A new state program is encouraging lenders to promote the stability of their conventional mortgages to help Indiana’s
housing market rebound from a foreclosure crisis instigated by risky loans.
The General Assembly approved legislation last session allowing the Indiana Department of Financial Institutions to offer
a five-star certification program that touts the strength of traditional mortgages.
Starting July 1, banks and mortgage brokers will be able to advertise their mortgages as five-star state-certified if they
join the voluntary IDFI program and adhere to its requirements for mortgage terms.
Those conditions, trampled by subprime lenders who fueled the housing bust, include:
• 10-percent down payments or, in the case of a refinancing, 10-percent equity
• a fixed interest rate
• provision of escrow accounts for payments of taxes and insurance
• terms that don’t exceed 30 years
• no prepayment penalty or fee.
State Rep. Ed DeLaney, D-Indianapolis, originally proposed the bill and hopes both banks and mortgage brokers will embrace
“This is the opposite of the so-called ‘ninja’ loan or ‘liar’s’ loan,” DeLaney
said. “It’s all aimed at reducing the risks of the homebuyer in getting the mortgage.”
But the Indiana Bankers Association isn’t sold on the new law. The association stopped short during the legislative
session of giving the bill its full support and instead took a “neutral” stance, questioning whether the program
is even necessary, said Amber Van Til, vice president of government relations.
“These are products that every bank already offers,” she said of the conventional 30-year mortgage. “That’s
our ideal product for our ideal customer.”
She applauded DeLaney for allowing the association to suggest changes to the legislation and for attempting to provide consumers
with additional information about the mortgage process.
Still, concerns remain. Perhaps the most glaring of all is the name of the program itself. Mark Tarpey, supervisor of IDFI’s
consumer credit division, said a new moniker likely is in the offing, because some banks have the word “star”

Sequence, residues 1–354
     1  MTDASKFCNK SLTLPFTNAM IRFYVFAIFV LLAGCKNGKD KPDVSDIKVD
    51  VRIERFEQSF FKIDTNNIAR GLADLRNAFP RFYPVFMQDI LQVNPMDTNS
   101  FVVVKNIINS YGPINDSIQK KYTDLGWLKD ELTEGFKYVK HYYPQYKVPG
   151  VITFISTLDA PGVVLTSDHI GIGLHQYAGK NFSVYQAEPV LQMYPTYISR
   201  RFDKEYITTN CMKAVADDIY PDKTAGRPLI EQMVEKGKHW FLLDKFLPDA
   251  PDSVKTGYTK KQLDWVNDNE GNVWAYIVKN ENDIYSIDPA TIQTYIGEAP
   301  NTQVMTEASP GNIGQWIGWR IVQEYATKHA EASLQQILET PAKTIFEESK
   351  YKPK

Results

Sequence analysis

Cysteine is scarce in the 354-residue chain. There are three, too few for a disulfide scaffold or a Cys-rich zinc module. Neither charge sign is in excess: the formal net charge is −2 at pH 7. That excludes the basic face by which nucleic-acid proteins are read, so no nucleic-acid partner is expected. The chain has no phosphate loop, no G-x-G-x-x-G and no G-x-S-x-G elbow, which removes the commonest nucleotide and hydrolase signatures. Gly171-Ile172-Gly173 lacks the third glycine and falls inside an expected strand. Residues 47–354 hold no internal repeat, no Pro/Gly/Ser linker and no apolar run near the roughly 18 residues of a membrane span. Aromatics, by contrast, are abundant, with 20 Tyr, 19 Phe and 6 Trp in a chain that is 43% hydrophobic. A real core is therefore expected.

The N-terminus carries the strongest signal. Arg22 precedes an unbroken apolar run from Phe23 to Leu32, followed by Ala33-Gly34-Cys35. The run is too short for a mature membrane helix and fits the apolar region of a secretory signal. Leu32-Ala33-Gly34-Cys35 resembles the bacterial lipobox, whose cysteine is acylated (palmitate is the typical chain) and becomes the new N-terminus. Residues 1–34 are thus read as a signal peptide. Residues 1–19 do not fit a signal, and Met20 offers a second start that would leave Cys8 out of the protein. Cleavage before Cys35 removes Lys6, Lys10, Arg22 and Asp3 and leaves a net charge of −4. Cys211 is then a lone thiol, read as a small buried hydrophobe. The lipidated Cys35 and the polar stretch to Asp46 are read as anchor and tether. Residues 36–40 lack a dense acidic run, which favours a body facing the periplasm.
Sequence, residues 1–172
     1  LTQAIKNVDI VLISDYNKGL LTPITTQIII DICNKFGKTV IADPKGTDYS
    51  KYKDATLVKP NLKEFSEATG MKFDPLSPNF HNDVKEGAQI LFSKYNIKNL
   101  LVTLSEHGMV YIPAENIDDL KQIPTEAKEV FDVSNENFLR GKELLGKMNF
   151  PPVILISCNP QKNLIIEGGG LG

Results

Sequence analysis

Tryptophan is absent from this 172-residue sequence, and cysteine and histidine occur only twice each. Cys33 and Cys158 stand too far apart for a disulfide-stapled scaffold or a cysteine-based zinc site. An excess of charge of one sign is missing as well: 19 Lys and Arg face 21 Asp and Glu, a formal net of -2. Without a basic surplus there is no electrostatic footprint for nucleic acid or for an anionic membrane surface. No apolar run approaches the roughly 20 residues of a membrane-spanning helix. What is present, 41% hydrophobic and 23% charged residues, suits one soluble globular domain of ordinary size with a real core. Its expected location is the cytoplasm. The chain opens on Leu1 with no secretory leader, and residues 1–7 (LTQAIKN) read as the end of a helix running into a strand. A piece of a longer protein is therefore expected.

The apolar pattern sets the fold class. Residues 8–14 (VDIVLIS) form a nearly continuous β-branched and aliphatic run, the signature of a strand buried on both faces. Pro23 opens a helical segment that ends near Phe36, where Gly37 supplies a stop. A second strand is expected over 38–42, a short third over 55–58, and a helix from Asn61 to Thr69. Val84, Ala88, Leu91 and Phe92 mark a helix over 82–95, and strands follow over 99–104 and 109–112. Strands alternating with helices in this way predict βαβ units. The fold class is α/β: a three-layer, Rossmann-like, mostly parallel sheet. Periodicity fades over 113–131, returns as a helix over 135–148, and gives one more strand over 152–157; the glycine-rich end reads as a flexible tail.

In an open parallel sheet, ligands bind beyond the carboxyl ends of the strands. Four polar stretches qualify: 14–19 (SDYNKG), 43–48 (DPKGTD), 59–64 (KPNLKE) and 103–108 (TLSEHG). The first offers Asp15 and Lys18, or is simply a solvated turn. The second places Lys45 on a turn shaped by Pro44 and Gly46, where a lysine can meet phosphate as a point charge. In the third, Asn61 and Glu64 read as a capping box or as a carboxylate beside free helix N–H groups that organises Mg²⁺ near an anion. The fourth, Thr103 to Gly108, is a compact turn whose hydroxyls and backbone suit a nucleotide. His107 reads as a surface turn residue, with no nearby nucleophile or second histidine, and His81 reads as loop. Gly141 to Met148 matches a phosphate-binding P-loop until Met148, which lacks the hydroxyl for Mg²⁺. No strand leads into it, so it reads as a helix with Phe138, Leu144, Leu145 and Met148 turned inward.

in their titles, which could cause confusion.
The five-star name also gives the appearance that a bank is rated, Van Til said.
“You don’t want to designate a financial institution at a star level,” she said. “We don’t
want someone to think that if they don’t have the [five-star designation] on the door, they’re not a good bank.”
The department is coordinating efforts to unveil the five-star program with the IBA, the Indiana Mortgage Bankers Association
and the Indiana Credit Union League.
It is preparing to have guidelines available by June 1 to give banks and mortgage brokers at least a month to digest the
program before it takes effect, Tarpey said.
Lenders are under no obligation to participate. Those that are interested in marketing the program will need to submit the
necessary paperwork to IDFI to become certified.
Banks that sign up will be charged an annual $50 certification fee, which could generate new revenue for the state, according
to the law’s fiscal impact statement.
Those that offer five-star mortgages must give any would-be borrowers they reject written statements of the reasons they
don’t qualify. A lender that fails to comply with the program’s requirements will not be penalized but simply
will not be able to promote itself as a participant.
Tarpey is uncertain how much interest the program will spark from the lending community, though he recognizes 30-year mortgages
are a “good thing.”
Morris L. Maurer, president of The National Bank of Indianapolis, is undecided on whether he will participate.
“As far as the five points go, 99 percent of what we do fit those points,” Maurer said. “We don’t
try to do some of those toxic mortgages at all, never did.”
Many mortgage lenders stopped offering “the exotic things that were out there a few years ago,” Tarpey said.
But as the economy gains steam and the housing market starts to rebound, he’s seeing an uptick in alternative mortgages.
“Variable rate is not always a bad mortgage,” he said. “Unfortunately, for some people, they didn’t
realize what they were getting into.”
The proliferation of subprime mortgages created a wave of questionable loans containing interest-only options or pre-payment
penalties that contributed to the housing meltdown.
But Van Til said fixed-rate mortgages requiring a 10-percent down payment are difficult for some borrowers to get unless
they are selling an existing home or they have savings to pay the amount.
Those who can’t afford the down payment still will need private mortgage insurance or other products from a bank to
enable them to purchase a home, Van Til argued.
“You’ve got to have money to put down,” she said of the program. “But we haven’t lived in that
world for a long time.”
Despite its potential flaws, the bill could have an upside for Hoosiers. The law allows the mortgages to be securitized,
giving lenders the ability to package them as “attractive” investments, the bill’s author, DeLaney, said.•